1. Medicare card numbers will no longer be based on a person’s Social Security number but will use a randomly generated number.
This is certainly good news on the privacy front, as having your Social Security number stolen by identity thieves is a major concern. However, the new randomly assigned numbers are going to be tough if not impossible to remember.
Here’s a sample of the new cards that will be issued to new beneficiaries and also sent to people who already have Medicare.
It will take a year for everyone to get a new card. From April through June, the new cards will be sent to people in Alaska, American Samoa, California, Delaware, District of Columbia, Guam, Hawaii, Maryland, Northern Mariana Islands, Oregon, Pennsylvania, Virginia, and West Virginia. After June, people in other states will begin receiving the new cards.
2. Medicare is beginning in April to expand diabetes education and prevention efforts and will pay all expenses of people who qualify for the program.
According to the American Association of Diabetes Educators (AADE), here are the eligibility requirements:
- Enrollment in Medicare Part B
- Have a body mass index (BMI) of at least 25, or at least 23 if self-identified as Asian
- Meet one of the following three blood-check requirements within 12 months of the first education session: A1C value between 5.7 and 6.4 percent, or a fasting plasma glucose of 110 – 125 mg/dl or a 2-hour plasma glucose of 140-199 mg/dl
- Have no previous diagnosis of type 1 or type 2 diabetes (other than gestational diabetes)
- Do not have end-stage renal disease (ESRD)
According to a new report from the Centers for Disease Control and Prevention (CDC), 30 million Americans had diabetes in 2016, including 23 million who were diagnosed and another 7 million who were not. About 95 percent of all diabetes is type 2, which often can be controlled or eliminated through changes in diet, weight and exercise.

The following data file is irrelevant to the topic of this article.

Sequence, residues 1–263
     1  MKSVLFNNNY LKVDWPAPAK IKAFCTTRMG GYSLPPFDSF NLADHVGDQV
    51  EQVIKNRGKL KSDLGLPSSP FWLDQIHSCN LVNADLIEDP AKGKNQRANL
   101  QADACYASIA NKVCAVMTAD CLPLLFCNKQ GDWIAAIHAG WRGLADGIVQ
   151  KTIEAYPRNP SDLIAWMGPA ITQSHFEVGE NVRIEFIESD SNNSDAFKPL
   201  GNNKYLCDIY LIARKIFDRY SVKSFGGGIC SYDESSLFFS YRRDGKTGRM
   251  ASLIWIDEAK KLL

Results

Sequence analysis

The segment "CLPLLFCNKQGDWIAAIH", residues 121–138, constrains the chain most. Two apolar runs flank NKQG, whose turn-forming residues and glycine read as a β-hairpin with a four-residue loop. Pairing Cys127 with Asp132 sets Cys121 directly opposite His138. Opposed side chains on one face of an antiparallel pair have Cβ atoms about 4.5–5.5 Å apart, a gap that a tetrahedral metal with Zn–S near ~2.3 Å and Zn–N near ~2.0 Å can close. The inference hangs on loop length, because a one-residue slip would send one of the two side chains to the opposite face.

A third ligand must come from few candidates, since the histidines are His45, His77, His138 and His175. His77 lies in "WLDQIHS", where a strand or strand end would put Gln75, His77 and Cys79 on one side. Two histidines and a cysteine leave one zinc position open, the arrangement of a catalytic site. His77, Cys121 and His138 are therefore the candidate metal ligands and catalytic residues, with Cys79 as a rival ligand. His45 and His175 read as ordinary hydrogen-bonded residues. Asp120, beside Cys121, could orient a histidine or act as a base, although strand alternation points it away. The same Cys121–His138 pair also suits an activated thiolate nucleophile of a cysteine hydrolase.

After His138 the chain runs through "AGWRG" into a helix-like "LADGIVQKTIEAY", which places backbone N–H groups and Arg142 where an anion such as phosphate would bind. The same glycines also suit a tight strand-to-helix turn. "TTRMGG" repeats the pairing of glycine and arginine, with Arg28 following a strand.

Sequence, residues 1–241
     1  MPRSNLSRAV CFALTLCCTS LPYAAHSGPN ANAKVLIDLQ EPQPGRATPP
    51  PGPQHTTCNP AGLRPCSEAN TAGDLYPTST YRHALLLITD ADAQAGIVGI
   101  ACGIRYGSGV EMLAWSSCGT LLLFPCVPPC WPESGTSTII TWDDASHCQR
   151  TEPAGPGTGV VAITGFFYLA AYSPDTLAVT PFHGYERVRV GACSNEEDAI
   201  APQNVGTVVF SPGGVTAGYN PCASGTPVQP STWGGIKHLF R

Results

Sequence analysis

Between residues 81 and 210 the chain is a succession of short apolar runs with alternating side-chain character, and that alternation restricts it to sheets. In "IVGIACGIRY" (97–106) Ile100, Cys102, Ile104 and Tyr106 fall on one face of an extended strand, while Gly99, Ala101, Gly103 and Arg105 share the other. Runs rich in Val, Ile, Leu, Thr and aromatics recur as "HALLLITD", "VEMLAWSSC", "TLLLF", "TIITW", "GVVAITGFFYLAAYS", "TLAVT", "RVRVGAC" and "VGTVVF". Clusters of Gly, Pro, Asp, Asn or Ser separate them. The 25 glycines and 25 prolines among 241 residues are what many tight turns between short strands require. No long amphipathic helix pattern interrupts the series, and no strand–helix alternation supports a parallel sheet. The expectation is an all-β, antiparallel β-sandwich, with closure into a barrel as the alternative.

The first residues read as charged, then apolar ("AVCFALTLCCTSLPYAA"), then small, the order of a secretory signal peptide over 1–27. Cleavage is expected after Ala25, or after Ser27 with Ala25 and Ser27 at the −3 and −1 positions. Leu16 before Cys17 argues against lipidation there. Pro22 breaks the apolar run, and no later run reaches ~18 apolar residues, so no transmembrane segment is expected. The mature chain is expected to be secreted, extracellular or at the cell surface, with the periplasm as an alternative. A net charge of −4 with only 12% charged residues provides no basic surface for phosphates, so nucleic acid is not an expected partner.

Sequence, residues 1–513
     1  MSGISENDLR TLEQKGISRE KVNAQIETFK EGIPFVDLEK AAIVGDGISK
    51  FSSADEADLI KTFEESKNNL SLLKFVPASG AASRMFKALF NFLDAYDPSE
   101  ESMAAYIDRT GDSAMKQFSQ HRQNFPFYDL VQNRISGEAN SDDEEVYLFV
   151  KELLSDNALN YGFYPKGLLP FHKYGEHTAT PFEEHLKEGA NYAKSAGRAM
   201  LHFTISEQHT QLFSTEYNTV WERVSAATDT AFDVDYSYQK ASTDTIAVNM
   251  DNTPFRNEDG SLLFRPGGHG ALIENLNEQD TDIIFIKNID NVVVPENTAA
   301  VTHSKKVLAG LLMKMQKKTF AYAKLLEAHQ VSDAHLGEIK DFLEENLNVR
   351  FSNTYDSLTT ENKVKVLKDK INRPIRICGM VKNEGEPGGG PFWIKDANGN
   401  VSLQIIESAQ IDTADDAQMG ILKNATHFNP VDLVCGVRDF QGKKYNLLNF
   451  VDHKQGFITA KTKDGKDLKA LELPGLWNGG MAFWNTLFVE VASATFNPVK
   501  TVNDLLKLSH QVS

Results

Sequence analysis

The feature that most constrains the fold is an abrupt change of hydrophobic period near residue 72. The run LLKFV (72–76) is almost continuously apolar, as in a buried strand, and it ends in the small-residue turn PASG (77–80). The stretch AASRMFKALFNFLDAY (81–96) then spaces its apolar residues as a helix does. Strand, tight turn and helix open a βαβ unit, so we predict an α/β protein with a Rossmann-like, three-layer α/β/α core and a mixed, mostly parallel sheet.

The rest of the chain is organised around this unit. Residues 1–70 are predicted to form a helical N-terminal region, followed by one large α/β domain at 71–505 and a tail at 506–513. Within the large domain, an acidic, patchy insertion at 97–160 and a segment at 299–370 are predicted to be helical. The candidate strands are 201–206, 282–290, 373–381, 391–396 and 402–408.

“Diabetes affects more than 25 percent of Americans aged 65 or older, and its prevalence is projected to increase approximately two-fold for all U.S. adults (ages 18-79) by 2050 if current trends continue,” Medicare reports.
“We estimate that Medicare spent $42 billion more in the single year of 2016 on beneficiaries with diabetes than it would have spent if those beneficiaries did not have diabetes; per-beneficiary, Medicare spent an estimated $1,500 more on Part D prescription drugs, $3,100 more for hospital and facility services, and $2,700 more in physician and other clinical services for those with diabetes than those without diabetes.”
The prevention program, which can last for up to two years, will include education and help with diet, weight-control, and exercise, from suppliers approved by Medicare. It may even pay for transportation and temporary child care expenses for participants who also are caregivers. Your doctor, private Medicare insurer, or Medicare contractor (for those with original Medicare) should have details about program participants. The AADE also has a national directory of its approved diabetes education programs, many of which are or will be suppliers for the expanded Medicare program.
Posted: April 5, 2018